問い合わせ先:京都大学物質-細胞統合システム拠点(iCeMS) 見学グループ 中澤直高
       kengaku-g*icems.kyoto-u.ac.jp(*を@に変換ください)(内線9833)

*******************************************************************************************

** Seminar announcement **

This email is to inform you of upcoming seminar, all researchers are welcomed to attend. No registration is required.

Date/Time: Wednesday, November 27, 2019, 17:00-17:45

Title: The Journey and the Destination: Confinement Mechanobiology

Speaker: Dr. Andrew Holle
      (Postdoctoral Fellow and AACR Basic Research Fellow, Max Planck Institute for Medical Research; Heidelberg, Germany)

Venue: 2nd floor Seminar Room (#A207), KUIAS, iCeMS Main Building (#77), Kyoto University
http://www.icems.kyoto-u.ac.jp/en/access/

Abstract:
The ability of cells to live under physical confinement and navigate through tight spaces has relevance in a wide variety of biological regimes, including homeostatic processes like stem cell migration or immune cell targeting and disease states like cancer or chronic inflammation. One method we use to investigate this process utilizes photolithography-generated microchannel arrays to present long, confining passages to cancer cells. We have identified distinct mesenchymal and amoeboid migration modalities in MDA-MB-231 breast cancer cells that are dependent on time, ligand composition, channel dimension, cytoskeletal activity, and intracellular signaling. The transition from mesenchymal to amoeboid modalities (MAT) was found to be a dynamic process that is driven initially by Rac1-induced protrusions and subsequently by ROCK-dependent contractility. While the cytoskeletal response to confined spaces has been studied extensively, recent research into the role of the nucleus in confined migration has implicated nuclear biophysics in a number of confinement-dependent outcomes, including enhanced metastasis and cell death. We have investigated the expression of multiple nuclear reorganization proteins, including DNA damage repair (53BP1) and nuclear envelope repair (CHMP4B), and have found that in long microchannels, cells do not display the enhanced nuclear damage observed in ‘pinch-point’ constrictions. This suggests that cellular sensing of sustained confinement allows for cytoskeletal-nuclear adaptation. One such adaptation is dynamic changes in nuclear volume that accompany cell entrance into channels and are maintained in cells post-permeation, providing a form of ‘migrational memory’. Using a panel of CRISPR-mediated knockout cell lines, we have identified the Protein Kinase D isoform PKD1 as a crucial signaling protein required for nuclear adaptation and remodeling in response to a narrow, sustained confinement. Future investigations into­­­­ confined migration in diverse cellular models, including stem cells and immune cells, will likely play an important role in the development of new tissue engineering strategies.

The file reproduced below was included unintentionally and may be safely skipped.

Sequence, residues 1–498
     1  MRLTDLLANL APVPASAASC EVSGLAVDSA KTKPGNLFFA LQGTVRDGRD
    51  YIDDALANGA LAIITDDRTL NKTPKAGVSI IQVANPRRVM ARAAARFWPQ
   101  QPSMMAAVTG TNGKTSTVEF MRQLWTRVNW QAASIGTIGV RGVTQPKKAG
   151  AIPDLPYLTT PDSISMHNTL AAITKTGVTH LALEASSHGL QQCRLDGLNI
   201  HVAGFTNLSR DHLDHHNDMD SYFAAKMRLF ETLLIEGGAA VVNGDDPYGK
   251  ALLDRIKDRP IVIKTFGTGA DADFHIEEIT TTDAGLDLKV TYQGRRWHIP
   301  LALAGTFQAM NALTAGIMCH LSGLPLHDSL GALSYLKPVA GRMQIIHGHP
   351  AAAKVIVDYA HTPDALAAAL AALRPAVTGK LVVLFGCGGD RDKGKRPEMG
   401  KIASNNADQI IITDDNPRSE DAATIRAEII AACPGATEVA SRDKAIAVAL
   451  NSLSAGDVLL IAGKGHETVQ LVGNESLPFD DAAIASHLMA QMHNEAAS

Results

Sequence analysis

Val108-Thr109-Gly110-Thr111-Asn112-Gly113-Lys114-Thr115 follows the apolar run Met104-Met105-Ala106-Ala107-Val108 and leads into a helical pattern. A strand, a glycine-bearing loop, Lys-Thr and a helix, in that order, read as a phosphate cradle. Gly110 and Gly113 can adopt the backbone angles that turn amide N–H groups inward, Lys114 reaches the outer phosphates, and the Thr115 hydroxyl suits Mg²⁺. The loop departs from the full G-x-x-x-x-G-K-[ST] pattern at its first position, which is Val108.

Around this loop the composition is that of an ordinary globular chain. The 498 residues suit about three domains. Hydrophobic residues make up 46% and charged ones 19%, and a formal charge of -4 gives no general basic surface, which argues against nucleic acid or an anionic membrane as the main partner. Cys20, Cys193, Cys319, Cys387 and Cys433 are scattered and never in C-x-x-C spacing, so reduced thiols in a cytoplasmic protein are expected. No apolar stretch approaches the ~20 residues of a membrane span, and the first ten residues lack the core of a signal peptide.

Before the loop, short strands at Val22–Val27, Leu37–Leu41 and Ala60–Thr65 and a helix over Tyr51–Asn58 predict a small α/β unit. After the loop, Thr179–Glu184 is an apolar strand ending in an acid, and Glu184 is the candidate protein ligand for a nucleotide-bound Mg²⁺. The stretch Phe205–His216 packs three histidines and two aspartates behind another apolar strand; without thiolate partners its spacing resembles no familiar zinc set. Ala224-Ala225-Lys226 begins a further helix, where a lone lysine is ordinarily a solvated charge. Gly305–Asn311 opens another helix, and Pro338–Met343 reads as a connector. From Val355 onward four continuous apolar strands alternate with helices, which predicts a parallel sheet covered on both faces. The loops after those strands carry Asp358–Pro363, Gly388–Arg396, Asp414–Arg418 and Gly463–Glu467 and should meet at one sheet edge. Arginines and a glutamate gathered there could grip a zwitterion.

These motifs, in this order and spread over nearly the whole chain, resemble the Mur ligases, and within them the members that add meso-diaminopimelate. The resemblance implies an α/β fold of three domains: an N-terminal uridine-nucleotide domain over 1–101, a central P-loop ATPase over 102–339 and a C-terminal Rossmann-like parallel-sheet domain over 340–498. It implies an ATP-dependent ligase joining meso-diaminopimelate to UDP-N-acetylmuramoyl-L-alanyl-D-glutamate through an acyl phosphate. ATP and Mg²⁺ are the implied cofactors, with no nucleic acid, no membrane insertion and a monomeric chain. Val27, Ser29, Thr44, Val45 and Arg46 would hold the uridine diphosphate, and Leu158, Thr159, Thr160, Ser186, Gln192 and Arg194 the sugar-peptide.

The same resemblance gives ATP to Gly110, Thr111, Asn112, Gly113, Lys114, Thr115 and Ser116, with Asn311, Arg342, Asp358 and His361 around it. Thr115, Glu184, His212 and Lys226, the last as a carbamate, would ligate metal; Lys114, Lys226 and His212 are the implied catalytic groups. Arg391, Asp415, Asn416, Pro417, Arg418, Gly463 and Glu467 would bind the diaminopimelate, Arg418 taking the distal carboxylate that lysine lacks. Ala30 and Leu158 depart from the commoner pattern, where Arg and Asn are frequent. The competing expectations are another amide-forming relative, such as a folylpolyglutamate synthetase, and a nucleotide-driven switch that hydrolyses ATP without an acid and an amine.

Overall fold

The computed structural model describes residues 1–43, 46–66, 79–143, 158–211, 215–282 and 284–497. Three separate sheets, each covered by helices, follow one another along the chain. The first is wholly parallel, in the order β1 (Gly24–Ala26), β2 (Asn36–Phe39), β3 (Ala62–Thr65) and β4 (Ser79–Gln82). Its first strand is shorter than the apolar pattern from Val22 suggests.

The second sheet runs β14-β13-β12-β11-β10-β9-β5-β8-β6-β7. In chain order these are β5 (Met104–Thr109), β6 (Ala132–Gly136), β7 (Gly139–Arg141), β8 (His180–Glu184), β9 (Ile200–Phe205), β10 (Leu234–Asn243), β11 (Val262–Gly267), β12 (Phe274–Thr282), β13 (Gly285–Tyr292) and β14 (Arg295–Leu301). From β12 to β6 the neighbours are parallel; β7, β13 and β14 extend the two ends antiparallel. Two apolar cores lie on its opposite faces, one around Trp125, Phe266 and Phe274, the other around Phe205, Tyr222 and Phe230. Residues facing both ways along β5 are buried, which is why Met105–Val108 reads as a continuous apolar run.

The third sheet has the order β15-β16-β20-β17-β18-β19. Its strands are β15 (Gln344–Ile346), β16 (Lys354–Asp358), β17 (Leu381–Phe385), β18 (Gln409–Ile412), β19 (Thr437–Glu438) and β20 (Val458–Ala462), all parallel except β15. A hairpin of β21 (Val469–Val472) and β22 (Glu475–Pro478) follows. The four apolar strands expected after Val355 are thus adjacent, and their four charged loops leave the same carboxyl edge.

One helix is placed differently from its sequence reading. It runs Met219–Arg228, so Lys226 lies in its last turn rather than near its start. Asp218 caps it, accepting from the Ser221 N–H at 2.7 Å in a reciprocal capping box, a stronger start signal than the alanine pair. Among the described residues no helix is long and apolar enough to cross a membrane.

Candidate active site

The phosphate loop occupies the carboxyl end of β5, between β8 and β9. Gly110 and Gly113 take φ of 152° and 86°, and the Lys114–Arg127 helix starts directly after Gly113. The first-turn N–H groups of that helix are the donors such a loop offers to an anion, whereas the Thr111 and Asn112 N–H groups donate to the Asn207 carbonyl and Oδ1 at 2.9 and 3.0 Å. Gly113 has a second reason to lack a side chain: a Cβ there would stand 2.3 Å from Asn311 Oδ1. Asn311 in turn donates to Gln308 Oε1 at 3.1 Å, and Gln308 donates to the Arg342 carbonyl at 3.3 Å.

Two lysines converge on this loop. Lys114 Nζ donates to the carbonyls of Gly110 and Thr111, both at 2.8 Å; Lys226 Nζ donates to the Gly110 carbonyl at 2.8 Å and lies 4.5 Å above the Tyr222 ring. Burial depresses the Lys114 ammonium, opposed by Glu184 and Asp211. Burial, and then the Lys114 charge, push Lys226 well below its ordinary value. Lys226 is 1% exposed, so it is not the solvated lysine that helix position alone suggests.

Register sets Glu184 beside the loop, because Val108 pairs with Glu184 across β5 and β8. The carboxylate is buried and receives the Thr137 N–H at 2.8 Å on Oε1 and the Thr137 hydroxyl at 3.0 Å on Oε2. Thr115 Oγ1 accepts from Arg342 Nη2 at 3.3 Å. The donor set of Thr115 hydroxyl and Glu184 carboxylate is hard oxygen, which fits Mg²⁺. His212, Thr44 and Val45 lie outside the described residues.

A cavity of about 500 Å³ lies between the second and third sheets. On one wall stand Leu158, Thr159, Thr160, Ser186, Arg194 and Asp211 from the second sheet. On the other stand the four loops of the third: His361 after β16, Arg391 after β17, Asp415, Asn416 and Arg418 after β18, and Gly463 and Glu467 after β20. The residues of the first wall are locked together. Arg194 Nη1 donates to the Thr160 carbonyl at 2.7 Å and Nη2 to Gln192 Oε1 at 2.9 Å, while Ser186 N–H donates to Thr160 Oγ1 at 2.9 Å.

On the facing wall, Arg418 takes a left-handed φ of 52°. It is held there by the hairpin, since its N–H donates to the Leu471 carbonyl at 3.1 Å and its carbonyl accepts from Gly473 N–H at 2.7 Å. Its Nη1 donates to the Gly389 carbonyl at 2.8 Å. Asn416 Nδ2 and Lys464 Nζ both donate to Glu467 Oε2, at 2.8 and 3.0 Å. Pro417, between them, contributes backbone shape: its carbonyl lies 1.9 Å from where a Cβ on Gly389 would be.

***
Date/Time: Wednesday, November 27, 2019, 17:45-18:30